Though not precisely in official capacity, a few of the rumors we have reported and speculated on recently, concerning Intel's processor plans, have been confirmed.
For one, last week we mentioned how the Haswell-EP processors were scheduled for release in 2014
, allowing Sandy Bridge-E a longer market life.
Secondly, we learned
that a Sandy Bridge-E SKU was in the making, called Core i7- 3970X, but we did not have all relevant info on it and could only guess at when it would be available.
The folks at VR-Zone are the people responsible for clarifying most things concerning these two matters, having published a roadmap slide
The Core i7-3970X, being a Sandy Bridge E with 6 cores, will have 12 threads, a clock speed of 3.5 GHz, a Turbo Boost frequency of 4 GHz and a cache memory of 15 MB.
It is compatible with the LGA 2011 socket (X79 motherboards, present and future) and needs 150W of energy to work. Its release is set for the fourth quarter of this year (2012).
All in all, it is essentially a stronger incarnation of the Core i7-3960X, which comes with 3.3 GHz / 3.4 GHz Turbo performance, albeit lower energy requirements (130W).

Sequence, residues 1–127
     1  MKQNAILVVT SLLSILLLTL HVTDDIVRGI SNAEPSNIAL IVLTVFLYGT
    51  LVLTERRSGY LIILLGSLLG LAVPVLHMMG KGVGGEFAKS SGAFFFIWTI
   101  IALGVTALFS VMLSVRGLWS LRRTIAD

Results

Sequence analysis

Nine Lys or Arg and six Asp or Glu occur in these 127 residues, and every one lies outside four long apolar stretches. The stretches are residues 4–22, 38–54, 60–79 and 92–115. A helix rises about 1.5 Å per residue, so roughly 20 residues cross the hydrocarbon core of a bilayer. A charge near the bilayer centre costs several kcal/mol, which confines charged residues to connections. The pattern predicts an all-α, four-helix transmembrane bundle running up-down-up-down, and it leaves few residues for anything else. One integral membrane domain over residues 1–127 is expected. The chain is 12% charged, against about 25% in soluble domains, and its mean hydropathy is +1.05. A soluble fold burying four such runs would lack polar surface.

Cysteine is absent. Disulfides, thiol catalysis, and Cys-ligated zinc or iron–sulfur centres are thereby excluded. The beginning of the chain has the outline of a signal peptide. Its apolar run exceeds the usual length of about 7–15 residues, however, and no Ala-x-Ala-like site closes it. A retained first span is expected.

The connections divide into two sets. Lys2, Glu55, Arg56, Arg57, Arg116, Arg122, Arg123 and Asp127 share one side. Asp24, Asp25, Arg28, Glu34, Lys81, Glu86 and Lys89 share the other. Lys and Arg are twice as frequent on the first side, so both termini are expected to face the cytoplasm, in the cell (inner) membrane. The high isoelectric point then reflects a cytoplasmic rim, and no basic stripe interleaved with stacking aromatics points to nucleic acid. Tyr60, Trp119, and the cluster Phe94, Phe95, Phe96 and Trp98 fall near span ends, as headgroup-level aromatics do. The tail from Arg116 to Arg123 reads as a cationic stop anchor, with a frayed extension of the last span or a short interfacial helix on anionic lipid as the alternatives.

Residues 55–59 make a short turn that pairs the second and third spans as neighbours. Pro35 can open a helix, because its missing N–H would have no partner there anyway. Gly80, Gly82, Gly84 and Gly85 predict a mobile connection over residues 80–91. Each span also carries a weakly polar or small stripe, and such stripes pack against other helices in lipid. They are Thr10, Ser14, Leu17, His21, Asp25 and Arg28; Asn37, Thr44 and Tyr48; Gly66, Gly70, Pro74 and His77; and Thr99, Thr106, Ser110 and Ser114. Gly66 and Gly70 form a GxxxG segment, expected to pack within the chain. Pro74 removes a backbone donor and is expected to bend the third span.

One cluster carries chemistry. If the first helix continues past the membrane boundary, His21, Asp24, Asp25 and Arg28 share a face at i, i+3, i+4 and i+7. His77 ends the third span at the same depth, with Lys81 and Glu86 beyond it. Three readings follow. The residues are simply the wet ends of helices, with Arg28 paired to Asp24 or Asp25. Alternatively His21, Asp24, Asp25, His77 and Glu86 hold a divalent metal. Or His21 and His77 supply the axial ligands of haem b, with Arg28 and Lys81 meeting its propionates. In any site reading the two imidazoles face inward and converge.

There is one last thing we need to talk about here, and that is the Core i5-3350P CPU, based on the Ivy Bridge architecture.
It will have the integrated GPU disabled but more than decent computing prowess, with its 4 cores, 4 threads (no Hyper-Threading), 3.1 GHz frequency, 3.3 GHz Turbo Boost overclocking and 6 MB of L3 cache.
Intel's chip will be compatible with socket LGA 1155 mainboards and will need 69W of energy.
It is interesting to see that Intel's roadmap labels the Core i5-3350P as a Q4 2013 product. Due to fiscal/calendar year incongruity, however, fourth quarter doesn't mean the same period of time for everyone.
Long story short, it is most likely that, like the Sandy Bridge-E, the i5-3350P will be released late in the third quarter of 2012.